Mexico City, Day Four
We started the day walking over to the National Museum of Anthropology which is located right on Chapultepec Park. The museum is huge. This picture is taken inside the museum where there is a very large courtyard. The wooden carving holding up the ceiling defines the museum. Large tombs, statues and pyramids dating back to B.C. Each area of the museum is on the ground floor and you enter through a door so you can really pick and choose which area you want to see or if you want to see each one. We made a quick loop and although I am well aware how amazing everything is in there it just isn't my thing.
Chapultepec is their Central Park. We sat outside and grabbed a few rays. These guys were dressed up in Mexican costume and did a dance around a pole. Then they proceeded to climb to the top, tie their feet with ropes and twirl around in the circle slowly descending to the ground as they moved. Bold.
We were starving and headed over to Cafe La Blanca for lunch. Serious history in this place. Located downtown and they have pretty much not touched the place since 1915 when they opened. Even the outfits that the staff wears are the same. We sat ourselves down at the counter and ordered.
They put the chips in a large white cup and then pour a bunch of sauces over it including lemon soda. I have never seen anything like it. We asked a woman about it later and she said it is one of the best street foods available. Hmmm.
The rest of the day we devoted to art galleries. This has been a serious art trip. First stop this afternoon was Yautepec Gallery. Contemporary young artists. This installation was from the artist Txema Novela devoted to music. This is an ode to David Bowie's "let's dance".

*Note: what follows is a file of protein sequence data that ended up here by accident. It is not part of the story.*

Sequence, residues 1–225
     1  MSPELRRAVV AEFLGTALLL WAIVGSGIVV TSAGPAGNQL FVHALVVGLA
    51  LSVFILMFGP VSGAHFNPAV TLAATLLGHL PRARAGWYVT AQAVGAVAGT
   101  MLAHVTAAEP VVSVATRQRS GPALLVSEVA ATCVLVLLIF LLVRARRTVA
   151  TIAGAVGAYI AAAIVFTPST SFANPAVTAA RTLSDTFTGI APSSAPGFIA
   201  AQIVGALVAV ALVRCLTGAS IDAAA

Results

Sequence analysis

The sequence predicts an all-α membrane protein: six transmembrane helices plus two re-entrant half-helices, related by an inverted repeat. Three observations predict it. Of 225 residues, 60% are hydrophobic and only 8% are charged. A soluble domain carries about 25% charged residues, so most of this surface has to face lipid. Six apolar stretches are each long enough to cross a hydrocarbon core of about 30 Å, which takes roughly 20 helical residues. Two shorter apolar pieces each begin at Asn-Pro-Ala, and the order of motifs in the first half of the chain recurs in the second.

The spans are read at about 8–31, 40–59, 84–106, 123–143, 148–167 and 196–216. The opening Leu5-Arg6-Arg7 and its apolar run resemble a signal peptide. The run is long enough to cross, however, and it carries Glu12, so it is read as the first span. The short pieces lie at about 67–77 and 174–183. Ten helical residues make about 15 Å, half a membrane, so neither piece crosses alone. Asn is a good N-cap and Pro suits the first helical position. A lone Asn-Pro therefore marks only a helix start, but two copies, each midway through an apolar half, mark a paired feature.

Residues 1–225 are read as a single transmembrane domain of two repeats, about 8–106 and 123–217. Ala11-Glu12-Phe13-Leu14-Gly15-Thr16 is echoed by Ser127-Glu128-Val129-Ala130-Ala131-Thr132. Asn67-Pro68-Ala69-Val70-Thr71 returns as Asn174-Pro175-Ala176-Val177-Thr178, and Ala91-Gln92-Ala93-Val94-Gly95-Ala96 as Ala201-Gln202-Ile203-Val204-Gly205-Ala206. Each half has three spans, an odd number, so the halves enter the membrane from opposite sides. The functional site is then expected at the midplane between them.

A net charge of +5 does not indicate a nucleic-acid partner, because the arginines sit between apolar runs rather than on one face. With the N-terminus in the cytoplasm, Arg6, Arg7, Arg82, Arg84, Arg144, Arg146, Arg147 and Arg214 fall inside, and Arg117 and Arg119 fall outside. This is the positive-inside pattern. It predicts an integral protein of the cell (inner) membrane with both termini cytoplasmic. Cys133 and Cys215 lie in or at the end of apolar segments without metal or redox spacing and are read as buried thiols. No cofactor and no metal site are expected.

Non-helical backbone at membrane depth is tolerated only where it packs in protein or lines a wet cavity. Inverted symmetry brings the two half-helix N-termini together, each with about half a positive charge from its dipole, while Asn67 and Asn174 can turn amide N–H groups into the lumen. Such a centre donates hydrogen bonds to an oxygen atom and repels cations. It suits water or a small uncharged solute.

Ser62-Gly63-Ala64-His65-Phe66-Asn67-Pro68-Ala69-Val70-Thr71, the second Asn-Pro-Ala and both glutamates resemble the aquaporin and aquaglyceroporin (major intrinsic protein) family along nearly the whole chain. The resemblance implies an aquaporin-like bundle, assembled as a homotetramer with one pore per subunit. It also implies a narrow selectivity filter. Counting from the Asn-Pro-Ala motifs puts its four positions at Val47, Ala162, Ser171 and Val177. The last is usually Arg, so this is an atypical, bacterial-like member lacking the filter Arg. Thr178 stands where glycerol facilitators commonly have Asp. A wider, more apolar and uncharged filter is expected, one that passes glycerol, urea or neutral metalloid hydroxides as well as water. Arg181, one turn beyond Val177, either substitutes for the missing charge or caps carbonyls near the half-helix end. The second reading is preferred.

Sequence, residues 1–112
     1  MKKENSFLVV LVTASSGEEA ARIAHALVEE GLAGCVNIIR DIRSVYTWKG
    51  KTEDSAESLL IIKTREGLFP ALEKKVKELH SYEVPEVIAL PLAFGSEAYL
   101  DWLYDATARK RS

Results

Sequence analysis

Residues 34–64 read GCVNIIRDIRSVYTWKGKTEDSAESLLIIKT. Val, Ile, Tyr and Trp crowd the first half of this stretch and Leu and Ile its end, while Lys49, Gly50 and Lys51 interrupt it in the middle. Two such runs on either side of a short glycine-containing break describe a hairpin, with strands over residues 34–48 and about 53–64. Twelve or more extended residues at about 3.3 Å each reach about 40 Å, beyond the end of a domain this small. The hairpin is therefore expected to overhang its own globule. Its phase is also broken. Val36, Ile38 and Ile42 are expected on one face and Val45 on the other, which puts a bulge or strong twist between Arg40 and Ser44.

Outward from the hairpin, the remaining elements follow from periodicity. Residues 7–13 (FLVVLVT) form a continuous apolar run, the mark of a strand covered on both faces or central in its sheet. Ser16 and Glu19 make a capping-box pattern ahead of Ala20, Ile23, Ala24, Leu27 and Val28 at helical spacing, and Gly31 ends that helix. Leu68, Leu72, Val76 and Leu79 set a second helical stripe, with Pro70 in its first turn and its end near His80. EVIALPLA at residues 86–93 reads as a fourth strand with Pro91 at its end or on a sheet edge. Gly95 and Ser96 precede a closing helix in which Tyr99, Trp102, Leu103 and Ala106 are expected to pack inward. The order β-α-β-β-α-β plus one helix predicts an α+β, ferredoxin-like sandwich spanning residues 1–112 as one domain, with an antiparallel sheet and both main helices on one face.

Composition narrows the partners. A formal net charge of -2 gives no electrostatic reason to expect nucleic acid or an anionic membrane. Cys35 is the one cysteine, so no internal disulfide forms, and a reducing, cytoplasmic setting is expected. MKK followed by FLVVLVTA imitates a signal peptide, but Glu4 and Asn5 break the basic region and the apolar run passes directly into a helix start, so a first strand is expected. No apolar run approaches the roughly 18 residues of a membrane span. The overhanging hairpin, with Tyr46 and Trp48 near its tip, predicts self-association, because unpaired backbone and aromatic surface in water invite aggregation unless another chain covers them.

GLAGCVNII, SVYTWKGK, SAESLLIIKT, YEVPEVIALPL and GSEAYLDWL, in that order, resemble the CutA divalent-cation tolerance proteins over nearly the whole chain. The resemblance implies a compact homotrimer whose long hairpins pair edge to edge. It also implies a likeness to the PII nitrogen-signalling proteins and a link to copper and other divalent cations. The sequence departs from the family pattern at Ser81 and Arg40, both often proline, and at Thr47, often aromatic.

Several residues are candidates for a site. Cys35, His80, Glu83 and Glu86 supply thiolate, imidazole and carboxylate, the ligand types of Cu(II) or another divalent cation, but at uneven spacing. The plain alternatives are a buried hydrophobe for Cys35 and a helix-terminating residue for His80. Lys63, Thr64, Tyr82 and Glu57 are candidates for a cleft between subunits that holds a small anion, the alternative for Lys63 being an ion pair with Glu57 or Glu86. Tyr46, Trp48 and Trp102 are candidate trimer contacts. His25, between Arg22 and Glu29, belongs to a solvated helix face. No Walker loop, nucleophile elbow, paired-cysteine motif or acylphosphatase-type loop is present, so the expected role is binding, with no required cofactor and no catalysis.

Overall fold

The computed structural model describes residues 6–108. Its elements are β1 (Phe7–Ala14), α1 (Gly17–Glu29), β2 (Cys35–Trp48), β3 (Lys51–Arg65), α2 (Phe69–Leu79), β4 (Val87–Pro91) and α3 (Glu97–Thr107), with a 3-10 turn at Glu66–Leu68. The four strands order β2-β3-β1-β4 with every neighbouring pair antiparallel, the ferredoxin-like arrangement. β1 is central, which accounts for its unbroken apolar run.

Next was Galeria Hilario Galguera. We loved this gallery. A family owned business. Uncle and nephew. The nephew runs the gallery and he was an absolute delight. The space is large, open and airy upstairs with a variety of rooms downstairs for an office. Downstairs they have a lot of different art hanging of all the different artists they represent. The show that was up was from the artist Guillermo Lorca. Gorgeous paintings that almost felt like one of the Masters had painted them. Young guy too, 27.
We spent some time looking through the back rooms. On one of the walls was a piece from Benjamin Torres who happened to be in the gallery. He had taken pieces of confetti and separated them by color, then made these small little pieces and glued them into a grid by color way counting how many of each. There is something very methodical and beautiful about this piece. I bought it!
Next stop was Arroniz-Arte. The mother had started this gallery years ago helping young artists move up in their careers, then her son realized how much he loved the business and joined her garnering his own group of artists. So they have really two sets of artists, more seasoned and slowly emerging. They were lovely people. They were in a middle of an installation but we called in advance and they took out a bucnh of work for us to see. This was a piece they rarely show of the artist Jan Hendrix. I bought a piece of his earlier in the week. Every time I turned around I loved this piece more and more. Now we are figuring out how to shp it back. The piece is made of enamel baked on like car paint. The picture does not do it justice.
I liked this work too. The artist is Moris. He takes old flea market paintings and cuts out everything but the sky. We did stop by one more gallery but they were in the midst of an installation, literally. It was the TalCual gallery. The artist was there and so we did get to hear about his major piece which is always the best. We can return next time.
It was time to finally try Mezcal. Stopped in a store to pick up something near our hotel and then went into the bar next door. Mezcal tastes a bit like Scotch. Layered and smoky. They serve it with sliced oranges covered with a chili salty pepper. Quite good.
Next stop, rest and relaxation before dinner.